The heat's on Timms but the audience is nodding

3rd August 2001 at 01:00
A STORM was breaking around Stephen Timms as he took to the stage to make his first speech to a teacher-union conference. But you wouldn't have known it, to judge by the reactions of some in his audience.

At least 10 members of the new school standards minister's 150-strong crowd were actually spotted asleep as he made a nervous debut at the Professional Association of Teachers' annual gathering in Cardiff. There was certainly plenty of potential for butterflies. Mr Timms, after all, had found himself plunged into controversy only that morning.

He had been accused of complacency and of downplaying the efforts of desperate headteachers after suggesting, in a radio interview, that schools' recruitment problems would be solved come September.

It was the new minister's third "gaffe" in the two months since he was appointed in the post-election reshuffle.

Previous statements suggesting companies could be given the chance to run school departments, and that children could start school at the age of six, had already produced headaches for his political masters.

So why was his audience so dozy? A glance at the list of questions suggested that only two delegates would take him to task on the shortages. Sure enough, the session passed with barely a raised voice.

Mr Timms did defend his earlier claim, saying that he recognised the pressures that "some schools, in some areas" were under. But barely a murmur greeted him.

Perhaps it was the surroundings - the windowless conference hall at the Hilton hotel, with its comfy chairs, must have hosted more than the odd snooze-inducing management seminar. Perhaps it was the time of year, as Cardiff basked in the heat. Maybe the timing of the speech, just after lunch, conjured up images of Spanish siestas.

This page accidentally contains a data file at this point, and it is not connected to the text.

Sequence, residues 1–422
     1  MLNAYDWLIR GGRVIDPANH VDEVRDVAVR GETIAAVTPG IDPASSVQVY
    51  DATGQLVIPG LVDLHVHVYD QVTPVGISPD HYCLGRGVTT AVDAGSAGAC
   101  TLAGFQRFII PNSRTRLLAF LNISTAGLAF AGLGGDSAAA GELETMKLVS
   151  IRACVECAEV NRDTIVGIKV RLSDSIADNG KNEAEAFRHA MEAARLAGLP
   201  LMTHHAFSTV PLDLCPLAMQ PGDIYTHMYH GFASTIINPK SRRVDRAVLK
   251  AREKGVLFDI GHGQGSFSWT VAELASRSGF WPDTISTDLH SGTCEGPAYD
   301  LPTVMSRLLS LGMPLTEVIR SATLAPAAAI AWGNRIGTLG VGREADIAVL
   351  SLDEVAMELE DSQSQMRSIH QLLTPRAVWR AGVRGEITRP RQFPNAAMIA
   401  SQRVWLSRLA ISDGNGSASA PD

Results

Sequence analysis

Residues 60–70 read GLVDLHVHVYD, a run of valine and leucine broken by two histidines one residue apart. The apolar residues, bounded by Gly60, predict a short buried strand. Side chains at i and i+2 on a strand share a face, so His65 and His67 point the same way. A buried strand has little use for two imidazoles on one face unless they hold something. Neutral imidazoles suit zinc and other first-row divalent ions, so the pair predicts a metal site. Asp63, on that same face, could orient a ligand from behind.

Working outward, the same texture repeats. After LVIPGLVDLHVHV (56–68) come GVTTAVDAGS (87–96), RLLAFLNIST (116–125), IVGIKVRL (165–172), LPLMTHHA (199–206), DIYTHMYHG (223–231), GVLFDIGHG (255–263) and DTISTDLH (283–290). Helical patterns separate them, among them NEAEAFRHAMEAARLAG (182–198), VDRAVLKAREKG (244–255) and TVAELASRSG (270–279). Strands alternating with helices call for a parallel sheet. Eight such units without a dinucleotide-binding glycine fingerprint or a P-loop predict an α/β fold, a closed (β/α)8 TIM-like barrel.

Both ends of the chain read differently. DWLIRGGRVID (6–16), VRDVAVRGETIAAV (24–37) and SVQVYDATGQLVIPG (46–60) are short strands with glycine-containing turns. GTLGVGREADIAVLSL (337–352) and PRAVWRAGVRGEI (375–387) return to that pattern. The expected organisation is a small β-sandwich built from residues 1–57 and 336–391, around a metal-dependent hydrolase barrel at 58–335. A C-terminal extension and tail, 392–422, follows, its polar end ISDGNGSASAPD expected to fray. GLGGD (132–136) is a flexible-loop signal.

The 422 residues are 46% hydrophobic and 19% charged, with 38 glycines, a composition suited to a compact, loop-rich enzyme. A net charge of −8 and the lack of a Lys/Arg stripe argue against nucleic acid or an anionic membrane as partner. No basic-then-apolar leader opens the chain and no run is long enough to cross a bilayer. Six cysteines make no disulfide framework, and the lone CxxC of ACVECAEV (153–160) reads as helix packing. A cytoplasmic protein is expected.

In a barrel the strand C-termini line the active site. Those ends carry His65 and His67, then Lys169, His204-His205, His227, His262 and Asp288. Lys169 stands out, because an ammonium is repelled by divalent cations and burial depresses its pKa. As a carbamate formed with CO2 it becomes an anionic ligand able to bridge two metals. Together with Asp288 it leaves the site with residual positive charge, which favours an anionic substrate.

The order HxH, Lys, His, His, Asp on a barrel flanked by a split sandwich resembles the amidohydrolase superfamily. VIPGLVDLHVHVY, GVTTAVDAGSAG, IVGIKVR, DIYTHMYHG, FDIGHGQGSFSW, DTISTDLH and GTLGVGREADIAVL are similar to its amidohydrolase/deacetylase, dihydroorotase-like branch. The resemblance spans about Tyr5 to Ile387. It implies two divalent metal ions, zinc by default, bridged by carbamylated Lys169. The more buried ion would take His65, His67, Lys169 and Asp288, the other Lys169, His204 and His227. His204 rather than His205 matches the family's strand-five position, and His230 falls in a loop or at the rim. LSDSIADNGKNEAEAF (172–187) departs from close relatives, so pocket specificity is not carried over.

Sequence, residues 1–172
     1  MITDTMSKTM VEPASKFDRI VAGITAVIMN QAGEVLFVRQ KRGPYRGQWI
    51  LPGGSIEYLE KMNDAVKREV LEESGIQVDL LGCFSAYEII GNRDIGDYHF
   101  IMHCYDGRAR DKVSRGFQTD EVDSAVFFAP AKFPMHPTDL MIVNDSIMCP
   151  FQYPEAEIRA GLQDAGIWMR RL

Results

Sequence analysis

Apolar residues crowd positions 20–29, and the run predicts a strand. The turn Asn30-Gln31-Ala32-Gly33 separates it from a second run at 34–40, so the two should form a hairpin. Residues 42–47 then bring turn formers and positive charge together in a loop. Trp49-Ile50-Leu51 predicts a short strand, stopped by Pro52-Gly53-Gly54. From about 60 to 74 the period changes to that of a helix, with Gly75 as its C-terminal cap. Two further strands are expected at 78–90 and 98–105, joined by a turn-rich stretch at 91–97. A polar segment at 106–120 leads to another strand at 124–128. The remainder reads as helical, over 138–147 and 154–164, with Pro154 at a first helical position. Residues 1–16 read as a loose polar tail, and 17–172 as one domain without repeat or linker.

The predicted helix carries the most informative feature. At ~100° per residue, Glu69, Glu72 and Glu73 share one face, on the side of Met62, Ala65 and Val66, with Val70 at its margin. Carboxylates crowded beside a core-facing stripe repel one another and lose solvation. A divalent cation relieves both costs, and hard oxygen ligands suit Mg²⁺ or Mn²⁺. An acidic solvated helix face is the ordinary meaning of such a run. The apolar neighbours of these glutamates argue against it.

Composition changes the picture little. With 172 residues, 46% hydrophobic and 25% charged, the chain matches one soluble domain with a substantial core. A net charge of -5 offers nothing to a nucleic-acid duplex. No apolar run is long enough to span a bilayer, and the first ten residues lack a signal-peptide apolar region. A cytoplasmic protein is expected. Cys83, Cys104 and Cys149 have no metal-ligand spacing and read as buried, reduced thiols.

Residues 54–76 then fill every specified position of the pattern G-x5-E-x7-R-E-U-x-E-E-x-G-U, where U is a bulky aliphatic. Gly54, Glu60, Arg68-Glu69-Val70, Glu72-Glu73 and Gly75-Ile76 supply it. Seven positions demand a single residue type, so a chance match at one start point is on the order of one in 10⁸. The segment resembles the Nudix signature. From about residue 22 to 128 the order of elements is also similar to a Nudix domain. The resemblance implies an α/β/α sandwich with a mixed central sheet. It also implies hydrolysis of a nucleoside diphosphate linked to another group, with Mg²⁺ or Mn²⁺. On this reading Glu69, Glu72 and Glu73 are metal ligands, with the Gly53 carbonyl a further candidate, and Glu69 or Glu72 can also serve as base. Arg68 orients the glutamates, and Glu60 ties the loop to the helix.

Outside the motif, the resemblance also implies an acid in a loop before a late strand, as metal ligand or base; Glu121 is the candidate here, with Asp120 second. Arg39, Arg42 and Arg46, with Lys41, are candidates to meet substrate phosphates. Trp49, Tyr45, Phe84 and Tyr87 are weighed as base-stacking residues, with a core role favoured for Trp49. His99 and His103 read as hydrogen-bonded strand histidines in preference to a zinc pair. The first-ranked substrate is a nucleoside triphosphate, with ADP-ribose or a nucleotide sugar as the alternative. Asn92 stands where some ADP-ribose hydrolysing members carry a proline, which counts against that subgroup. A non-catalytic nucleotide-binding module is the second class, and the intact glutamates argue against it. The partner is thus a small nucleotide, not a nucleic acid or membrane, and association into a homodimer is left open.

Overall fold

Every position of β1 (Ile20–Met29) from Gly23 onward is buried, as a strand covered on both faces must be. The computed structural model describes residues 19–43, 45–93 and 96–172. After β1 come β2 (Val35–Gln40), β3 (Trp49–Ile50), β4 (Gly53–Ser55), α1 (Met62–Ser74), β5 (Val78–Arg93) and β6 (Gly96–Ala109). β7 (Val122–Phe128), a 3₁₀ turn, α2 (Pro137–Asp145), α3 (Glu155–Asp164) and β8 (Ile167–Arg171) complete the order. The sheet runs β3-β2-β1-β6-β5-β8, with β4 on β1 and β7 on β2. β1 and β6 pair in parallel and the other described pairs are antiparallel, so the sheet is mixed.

More likely, though, was that this was PAT. The no-strike union, which is proud of its record for moderation, harbours few firebrands. Though there were plenty of motions this year attacking various aspects of the Government's record (and few of the off-the-wall variety which have enlivened past conferences), the questioning was unfailingly polite.

Then there was Mr Timms's speaking style. Although widely seen by the conference as well-meaning and genuine, he lacks Estelle Morris's gift with crowds.

Where his boss manages to persuade her audience that she shares their pain, even as she announces another exacting initiative, Mr Timms ploughs on with a relentless barrage of facts until his victims wilt in submission. If this was a conscious strategy, it certainly seemed to be working.

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